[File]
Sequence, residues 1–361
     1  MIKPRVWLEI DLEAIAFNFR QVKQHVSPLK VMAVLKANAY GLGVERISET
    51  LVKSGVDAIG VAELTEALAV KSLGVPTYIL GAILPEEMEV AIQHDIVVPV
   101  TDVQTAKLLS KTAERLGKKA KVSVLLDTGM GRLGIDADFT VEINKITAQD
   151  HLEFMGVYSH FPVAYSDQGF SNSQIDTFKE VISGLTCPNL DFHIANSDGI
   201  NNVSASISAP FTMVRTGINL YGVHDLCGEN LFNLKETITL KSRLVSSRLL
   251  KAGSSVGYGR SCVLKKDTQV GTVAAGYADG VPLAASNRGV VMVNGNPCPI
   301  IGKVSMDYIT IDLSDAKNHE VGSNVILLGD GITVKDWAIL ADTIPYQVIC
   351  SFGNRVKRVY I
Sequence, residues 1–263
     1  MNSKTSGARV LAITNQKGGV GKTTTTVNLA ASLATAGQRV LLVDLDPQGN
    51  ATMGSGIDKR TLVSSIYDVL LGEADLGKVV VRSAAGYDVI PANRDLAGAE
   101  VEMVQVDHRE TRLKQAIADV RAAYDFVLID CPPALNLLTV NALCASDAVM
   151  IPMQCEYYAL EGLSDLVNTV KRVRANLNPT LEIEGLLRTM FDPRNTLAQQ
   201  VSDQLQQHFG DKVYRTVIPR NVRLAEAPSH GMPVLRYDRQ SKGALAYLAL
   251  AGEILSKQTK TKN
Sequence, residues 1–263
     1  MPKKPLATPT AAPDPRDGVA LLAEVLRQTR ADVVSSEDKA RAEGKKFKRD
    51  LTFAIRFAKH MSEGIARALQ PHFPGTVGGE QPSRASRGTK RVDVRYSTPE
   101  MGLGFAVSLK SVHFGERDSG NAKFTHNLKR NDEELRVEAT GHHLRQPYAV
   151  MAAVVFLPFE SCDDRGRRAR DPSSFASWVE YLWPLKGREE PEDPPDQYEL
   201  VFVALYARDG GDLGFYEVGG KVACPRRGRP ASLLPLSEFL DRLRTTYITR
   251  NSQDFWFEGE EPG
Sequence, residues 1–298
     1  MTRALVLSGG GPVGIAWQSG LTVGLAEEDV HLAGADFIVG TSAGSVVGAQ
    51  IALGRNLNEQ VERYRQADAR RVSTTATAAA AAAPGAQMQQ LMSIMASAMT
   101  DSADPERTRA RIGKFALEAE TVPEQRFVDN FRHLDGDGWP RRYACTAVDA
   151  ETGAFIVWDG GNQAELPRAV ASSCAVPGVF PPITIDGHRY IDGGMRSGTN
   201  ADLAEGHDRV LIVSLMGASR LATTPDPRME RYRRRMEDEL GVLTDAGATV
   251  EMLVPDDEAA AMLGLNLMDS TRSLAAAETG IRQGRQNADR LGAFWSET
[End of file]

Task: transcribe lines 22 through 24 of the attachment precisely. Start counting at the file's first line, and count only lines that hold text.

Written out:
   201  VFVALYARDG GDLGFYEVGG KVACPRRGRP ASLLPLSEFL DRLRTTYITR
   251  NSQDFWFEGE EPG
Sequence, residues 1–298